Mimsy Were the Borogoves

Editorials: Where I rant to the wall about politics. And sometimes the wall rants back.

Can Californians drink a train?

Jerry Stratton, February 10, 2016

Cracked lakebed: “This lake near San Luis Obispo, California barely contains any water following a several year drought. October 4, 2011.”; California; water; drought

“This lake near San Luis Obispo, California barely contains any water following a several year drought.” (Photo by Tim McCabe, USDA Natural Resources Conservation Service.)

California’s been in drought since 2012. Thanks to El Niño, it has finally ended, four years later—actually, fifty months later—in 2016.

During those four years, California chose to spend a lot of money combatting future droughts. They did this by building some extraordinarily expensive, and getting more expensive all the time, high-speed trains. They did this because they say they believe the drought was caused by man-made global warming, and that building high-speed trains will alleviate the global warming caused by people driving cars.

Now, ignoring for the moment that the real reason the left loves trains is that they are the epitome of central control that keep on paying graft dividends forever, let’s take them at their word that building trains is, for them, a climate change measure, and that their intention on building them is to alleviate climate change and keep droughts from happening in the future. This is a perfect example of the trade-offs that get ignored whenever politicians invoke the term “climate change”.

Nature does not care what their intentions were. Their theory is either right, or wrong.

If their theory is wrong, if this drought and future droughts are the same as past droughts in California—then the hundred billion spent on combatting climate change was not money that accidentally made the world better, as the meme went. It was money spent poorly, that demonstrably makes the world—or at least California—far worse.

Non-man-made-climate-change droughts occur in California often, and commonly last for one to six years, although they can last much longer. There was a one-year drought in 1958/59, another in 1961, and another in 2001/02 and then again in 2006/07. Longer droughts include a six-year drought from 1928 to 1934, a five-year drought from 1987 to 1992, a three-year drought from 2007–2009, and of course the latest, four-year drought that started in 2012.1

California’s reservoirs were built for a population of about twenty million people. It’s difficult to calculate how many “people-years” the current reservoir system is worth, because Californians start draining underground aquifers when the reservoirs get low2. But judging from the actions of the reservoir authority this last year before the drought broke—they even canceled releasing water for a time—it sounds like the reservoirs have enough water for forty million people for about five years.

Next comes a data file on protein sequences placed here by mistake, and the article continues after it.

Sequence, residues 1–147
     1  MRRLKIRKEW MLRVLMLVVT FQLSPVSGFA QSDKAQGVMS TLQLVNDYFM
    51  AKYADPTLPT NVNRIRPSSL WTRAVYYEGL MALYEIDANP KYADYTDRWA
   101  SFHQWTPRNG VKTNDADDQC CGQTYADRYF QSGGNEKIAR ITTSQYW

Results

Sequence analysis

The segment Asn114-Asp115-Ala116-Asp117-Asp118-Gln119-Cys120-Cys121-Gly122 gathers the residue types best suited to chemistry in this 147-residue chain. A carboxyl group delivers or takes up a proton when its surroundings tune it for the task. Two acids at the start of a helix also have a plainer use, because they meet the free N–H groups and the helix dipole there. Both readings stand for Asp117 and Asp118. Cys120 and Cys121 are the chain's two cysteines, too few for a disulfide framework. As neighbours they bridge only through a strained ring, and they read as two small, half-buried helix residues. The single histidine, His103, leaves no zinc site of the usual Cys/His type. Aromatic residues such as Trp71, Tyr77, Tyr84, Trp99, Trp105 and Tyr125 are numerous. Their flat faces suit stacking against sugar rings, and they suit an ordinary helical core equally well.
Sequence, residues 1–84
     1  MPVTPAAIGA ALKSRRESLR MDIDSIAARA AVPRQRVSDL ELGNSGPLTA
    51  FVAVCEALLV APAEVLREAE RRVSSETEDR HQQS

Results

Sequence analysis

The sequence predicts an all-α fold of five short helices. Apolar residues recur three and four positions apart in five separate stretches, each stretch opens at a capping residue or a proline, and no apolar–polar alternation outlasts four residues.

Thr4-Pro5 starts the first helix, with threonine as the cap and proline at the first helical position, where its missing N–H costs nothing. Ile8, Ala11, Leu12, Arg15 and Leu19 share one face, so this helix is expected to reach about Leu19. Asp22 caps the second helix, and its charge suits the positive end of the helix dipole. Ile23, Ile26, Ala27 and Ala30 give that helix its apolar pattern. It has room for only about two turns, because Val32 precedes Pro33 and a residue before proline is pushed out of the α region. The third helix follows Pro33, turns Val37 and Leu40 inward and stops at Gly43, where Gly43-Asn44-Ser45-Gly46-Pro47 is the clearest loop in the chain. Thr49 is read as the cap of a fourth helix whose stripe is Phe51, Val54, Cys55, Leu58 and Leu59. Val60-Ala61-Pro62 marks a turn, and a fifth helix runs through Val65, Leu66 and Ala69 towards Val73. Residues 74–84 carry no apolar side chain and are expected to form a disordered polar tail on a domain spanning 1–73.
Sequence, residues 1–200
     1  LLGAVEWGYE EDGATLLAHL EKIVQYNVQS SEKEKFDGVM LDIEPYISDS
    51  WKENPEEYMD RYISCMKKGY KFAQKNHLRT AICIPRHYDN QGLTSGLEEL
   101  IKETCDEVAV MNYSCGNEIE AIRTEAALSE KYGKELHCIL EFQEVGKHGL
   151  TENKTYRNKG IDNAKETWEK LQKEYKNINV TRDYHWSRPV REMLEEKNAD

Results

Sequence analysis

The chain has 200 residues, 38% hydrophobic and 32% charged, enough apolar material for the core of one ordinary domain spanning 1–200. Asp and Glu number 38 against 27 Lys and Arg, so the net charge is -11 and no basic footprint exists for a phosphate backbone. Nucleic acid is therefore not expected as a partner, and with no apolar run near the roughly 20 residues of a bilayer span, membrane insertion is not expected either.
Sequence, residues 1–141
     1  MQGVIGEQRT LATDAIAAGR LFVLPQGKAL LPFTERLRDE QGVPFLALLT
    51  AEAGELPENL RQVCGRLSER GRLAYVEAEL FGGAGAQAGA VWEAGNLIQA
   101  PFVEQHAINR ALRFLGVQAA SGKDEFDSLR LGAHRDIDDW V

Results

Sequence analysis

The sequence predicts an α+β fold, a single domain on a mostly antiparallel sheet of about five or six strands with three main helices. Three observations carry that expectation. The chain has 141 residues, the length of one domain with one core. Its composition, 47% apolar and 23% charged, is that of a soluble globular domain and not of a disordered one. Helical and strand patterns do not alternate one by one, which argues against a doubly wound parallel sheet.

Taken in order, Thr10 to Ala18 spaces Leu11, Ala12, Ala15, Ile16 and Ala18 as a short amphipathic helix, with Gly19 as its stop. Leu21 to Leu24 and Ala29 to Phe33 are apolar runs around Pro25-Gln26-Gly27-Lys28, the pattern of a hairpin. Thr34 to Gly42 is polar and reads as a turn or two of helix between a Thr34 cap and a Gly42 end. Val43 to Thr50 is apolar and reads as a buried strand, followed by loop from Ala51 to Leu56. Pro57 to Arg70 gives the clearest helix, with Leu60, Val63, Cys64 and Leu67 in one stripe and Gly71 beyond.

This means that when they were built, the reservoirs were reasonably situated for a maximum normal drought of ten years.3 Reasonable enough, especially since the plan, at the time, was to keep building more reservoirs. They had even picked out the locations.

But those reservoirs were mostly canceled, which means they did not pick up any of the rainfall and runoff from this year’s el Niño. If the next drought occurs in ten years, California will likely have sixty million people. Their reservoirs, no matter how much it rains between now and then will, if full, have enough water for about a three-year drought. That is less than the length of the current drought.

And no matter how many reservoirs they build between now and then, they cannot capture this year’s uncaught rainfall and runoff. If they had spent that hundred billion dollars to build up twenty or thirty new reservoirs, that extra capacity represents people’s lives saved during the next five-year, or longer, drought.

There is a basic tenet of economics that money spent does not cost the money spent, it costs what the money would otherwise have been spent on.

Is California’s slow high-speed rail worth its cost?

In response to I believe in Global Warming (and other conversion stories): Conversion stories aren’t meant to convert skeptics; they’re a bonding tale for the converted, a sign of a religion; science needs theories that make predictions about what happens when they’re right and how to falsify them if they’re wrong. Proof for human-caused global warming is always whatever happened last month or last year, never tomorrow. No application of the scientific method can ever disprove it because hindsight is 20/20.

  1. And that was just me looking randomly through news reports, which is why they’re weighted toward the present. There have probably been others over the last few centuries.

  2. Oddly, one thing they don’t start using is that huge mass of water running up their entire border called “the Pacific Ocean”.

  3. Half the people, twice the time.

  1. <- Climate cargo cult
  2. Climate wolves ->